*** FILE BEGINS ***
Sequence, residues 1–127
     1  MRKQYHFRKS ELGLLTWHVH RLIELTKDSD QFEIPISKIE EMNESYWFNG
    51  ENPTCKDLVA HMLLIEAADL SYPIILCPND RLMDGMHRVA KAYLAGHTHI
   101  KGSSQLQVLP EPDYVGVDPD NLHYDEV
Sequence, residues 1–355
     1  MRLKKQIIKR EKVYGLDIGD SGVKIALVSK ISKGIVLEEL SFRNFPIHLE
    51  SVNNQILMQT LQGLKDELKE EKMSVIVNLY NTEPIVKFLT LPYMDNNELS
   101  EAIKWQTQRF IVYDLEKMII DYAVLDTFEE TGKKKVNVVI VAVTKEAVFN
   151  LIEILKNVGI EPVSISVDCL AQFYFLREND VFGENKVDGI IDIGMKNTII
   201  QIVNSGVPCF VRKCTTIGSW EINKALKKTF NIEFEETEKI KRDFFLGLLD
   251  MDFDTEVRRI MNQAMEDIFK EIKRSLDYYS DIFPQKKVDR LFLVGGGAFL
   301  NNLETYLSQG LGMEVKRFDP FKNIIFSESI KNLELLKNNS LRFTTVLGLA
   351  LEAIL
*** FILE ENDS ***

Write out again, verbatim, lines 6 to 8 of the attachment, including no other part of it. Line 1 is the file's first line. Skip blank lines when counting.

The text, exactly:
     1  MRLKKQIIKR EKVYGLDIGD SGVKIALVSK ISKGIVLEEL SFRNFPIHLE
    51  SVNNQILMQT LQGLKDELKE EKMSVIVNLY NTEPIVKFLT LPYMDNNELS
   101  EAIKWQTQRF IVYDLEKMII DYAVLDTFEE TGKKKVNVVI VAVTKEAVFN